Pittsburgh auditors find weak financial oversight in animal control department [The Pittsburgh Tribune-Review]
(Pittsburgh Tribune-Review (PA) Via Acquire Media NewsEdge) Oct. 08--Auditors uncovered a pattern of sloppy bookkeeping in Pittsburgh's Bureau of Animal Care & Control that could make the city vulnerable to theft, Controller Michael Lamb said Tuesday.
"These are some of the typical findings we are seeing citywide," Lamb said. "We're not talking about a huge amount, but it's still public money."
The audit focused on $5,896 in fees collected through 2012 for dog licenses and animal traps, pointing to missing receipts and checks that were not properly endorsed or deposited quickly.
City Council and the Intergovernmental Cooperation Authority, one of Pittsburgh's state-appointed financial overseers, share Lamb's concerns.
They say the city experienced enough instances of theft in the past eight months to warrant new accounting practices.
Police in March charged Terri Randolph, 49, of Bon Air with siphoning $17,000 from the police department's records room where she worked as a cashier. In February, federal authorities charged former police Chief Nate Harper with diverting $70,000 in city money to private bank accounts and spending $31,000 of it on himself.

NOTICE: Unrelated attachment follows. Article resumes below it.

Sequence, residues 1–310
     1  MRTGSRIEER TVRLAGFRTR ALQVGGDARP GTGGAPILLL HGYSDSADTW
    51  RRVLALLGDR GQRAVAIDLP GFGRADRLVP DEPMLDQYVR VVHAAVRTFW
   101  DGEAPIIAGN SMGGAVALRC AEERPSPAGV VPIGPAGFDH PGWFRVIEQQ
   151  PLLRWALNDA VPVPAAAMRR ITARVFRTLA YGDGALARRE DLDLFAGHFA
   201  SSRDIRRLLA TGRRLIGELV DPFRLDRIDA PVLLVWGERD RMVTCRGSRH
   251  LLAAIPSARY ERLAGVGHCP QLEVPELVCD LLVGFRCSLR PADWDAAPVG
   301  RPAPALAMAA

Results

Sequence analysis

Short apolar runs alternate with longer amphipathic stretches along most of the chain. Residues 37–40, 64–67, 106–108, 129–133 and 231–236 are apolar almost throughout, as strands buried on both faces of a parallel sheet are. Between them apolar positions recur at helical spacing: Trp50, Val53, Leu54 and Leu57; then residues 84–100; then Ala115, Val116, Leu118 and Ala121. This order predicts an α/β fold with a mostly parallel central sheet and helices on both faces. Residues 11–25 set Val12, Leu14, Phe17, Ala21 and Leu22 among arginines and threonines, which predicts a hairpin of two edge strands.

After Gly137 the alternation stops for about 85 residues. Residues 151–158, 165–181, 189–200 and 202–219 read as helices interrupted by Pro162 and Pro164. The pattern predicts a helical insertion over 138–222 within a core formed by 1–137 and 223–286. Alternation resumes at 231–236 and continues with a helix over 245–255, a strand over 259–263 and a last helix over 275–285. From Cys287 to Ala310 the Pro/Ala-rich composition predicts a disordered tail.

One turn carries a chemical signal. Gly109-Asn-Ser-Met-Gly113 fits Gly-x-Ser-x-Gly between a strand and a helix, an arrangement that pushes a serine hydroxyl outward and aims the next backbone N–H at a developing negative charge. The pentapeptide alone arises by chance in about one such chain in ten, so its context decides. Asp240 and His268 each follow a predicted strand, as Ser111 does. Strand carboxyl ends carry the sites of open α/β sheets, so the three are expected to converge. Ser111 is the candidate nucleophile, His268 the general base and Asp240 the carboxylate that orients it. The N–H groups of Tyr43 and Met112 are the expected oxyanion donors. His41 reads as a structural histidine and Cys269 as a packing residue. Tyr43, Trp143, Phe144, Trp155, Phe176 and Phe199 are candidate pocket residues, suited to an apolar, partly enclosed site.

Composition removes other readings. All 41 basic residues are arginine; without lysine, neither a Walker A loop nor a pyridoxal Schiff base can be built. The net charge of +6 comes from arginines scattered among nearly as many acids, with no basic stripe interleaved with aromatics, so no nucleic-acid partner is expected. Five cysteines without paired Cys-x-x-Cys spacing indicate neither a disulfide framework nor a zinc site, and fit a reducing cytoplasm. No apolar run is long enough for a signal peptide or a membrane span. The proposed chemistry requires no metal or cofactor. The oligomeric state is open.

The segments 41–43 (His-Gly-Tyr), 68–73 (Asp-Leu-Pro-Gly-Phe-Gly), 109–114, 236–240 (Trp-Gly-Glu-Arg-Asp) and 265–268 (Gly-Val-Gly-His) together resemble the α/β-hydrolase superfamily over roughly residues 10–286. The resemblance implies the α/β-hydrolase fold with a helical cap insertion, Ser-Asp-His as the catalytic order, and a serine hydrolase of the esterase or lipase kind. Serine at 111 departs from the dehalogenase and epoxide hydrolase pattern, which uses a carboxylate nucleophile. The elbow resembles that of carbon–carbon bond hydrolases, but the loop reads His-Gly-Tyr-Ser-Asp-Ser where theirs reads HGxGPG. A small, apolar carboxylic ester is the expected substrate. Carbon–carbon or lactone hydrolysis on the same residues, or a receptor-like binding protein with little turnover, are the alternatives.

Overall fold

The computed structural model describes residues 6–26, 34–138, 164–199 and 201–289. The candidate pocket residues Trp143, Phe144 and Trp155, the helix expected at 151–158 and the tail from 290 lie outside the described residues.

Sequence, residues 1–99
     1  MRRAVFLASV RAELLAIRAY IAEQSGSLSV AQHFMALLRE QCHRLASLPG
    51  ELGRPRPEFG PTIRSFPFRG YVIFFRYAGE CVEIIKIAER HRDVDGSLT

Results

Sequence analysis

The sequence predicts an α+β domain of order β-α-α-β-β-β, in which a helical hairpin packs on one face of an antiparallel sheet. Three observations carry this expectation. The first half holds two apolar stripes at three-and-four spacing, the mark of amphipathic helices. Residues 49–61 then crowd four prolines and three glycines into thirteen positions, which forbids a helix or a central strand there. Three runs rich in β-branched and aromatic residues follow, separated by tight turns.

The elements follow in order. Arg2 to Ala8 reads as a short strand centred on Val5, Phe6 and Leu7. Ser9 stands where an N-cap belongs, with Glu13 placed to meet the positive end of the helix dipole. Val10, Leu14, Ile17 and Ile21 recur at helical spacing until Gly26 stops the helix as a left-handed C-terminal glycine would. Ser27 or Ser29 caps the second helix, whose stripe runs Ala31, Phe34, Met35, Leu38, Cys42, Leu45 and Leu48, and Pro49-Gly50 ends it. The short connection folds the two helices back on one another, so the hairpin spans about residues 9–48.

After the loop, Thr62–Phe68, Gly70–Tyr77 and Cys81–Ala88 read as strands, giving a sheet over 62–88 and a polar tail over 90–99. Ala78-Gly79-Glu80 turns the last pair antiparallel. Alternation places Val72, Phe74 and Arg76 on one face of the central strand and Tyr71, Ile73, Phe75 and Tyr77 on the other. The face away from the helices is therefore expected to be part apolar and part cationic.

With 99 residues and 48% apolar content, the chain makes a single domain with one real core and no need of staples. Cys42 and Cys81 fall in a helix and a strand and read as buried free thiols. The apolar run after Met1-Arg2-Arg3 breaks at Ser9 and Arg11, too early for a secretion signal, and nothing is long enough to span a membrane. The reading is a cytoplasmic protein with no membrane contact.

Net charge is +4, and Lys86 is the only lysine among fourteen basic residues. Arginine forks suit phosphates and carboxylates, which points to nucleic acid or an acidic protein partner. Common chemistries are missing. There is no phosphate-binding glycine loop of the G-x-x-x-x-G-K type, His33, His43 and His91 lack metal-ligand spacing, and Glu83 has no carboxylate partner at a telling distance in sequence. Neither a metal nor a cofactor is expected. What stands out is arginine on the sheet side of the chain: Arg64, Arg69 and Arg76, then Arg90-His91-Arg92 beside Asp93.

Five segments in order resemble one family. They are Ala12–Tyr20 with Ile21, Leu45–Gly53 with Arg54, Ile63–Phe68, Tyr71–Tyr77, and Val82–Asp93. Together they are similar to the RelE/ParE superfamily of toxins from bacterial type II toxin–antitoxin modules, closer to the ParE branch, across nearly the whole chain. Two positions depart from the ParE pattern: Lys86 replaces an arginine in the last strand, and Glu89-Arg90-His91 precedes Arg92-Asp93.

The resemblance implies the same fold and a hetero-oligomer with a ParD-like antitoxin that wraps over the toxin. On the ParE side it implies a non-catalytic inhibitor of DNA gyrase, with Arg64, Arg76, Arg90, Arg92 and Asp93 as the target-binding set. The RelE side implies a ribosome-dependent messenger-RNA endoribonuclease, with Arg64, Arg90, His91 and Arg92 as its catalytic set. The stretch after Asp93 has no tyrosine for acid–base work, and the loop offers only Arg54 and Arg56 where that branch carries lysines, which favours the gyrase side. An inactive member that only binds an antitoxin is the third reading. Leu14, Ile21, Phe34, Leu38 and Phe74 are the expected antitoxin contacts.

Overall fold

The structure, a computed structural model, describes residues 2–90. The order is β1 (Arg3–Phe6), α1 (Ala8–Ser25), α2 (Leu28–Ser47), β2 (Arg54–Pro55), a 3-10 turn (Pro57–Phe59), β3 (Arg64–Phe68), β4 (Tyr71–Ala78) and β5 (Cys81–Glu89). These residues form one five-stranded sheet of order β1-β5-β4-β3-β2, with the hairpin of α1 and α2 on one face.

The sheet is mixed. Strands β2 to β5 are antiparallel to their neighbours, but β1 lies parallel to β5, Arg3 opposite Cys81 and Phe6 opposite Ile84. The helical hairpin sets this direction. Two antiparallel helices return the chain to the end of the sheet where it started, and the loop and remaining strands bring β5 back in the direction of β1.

The highly publicized Harper investigation prompted council President Darlene Harris to sponsor legislation requiring departments to have written policies for handling cash and to update accounting methods.
"We need to bring the city into the 21st century," she said.
The legislation is pending a cash management review on how city departments handle money funneled through the ICA.
Downtown accountant Gleason & Associates is performing the review and found similar problems as Lamb's auditors.
Lamb said Animal Control must minimize cash transactions by accepting credit or debit cards. Council last week urged Mayor Luke Ravenstahl's administration to create a policy that would permit all departments to accept cards.
Animal Control Director Gerald Akrie conceded the bureau should update its accounting system. However, he said many people don't have credit or debit cards with which to pay.
"I appreciate audits, and there always needs to be checks and balances, but is there ever going to be a system that's foolproof? We just need to do the best that we can," he said.
ICA Chairman Nick Varischetti said the audit is an example of what's wrong with the city's cash management: "There doesn't appear to be any malicious act at all, but it seems though it comes down to some basic business management tools."
Bob Bauder is a Trib Total Media staff writer. Reach him at 412-765-2312 or firstname.lastname@example.org.
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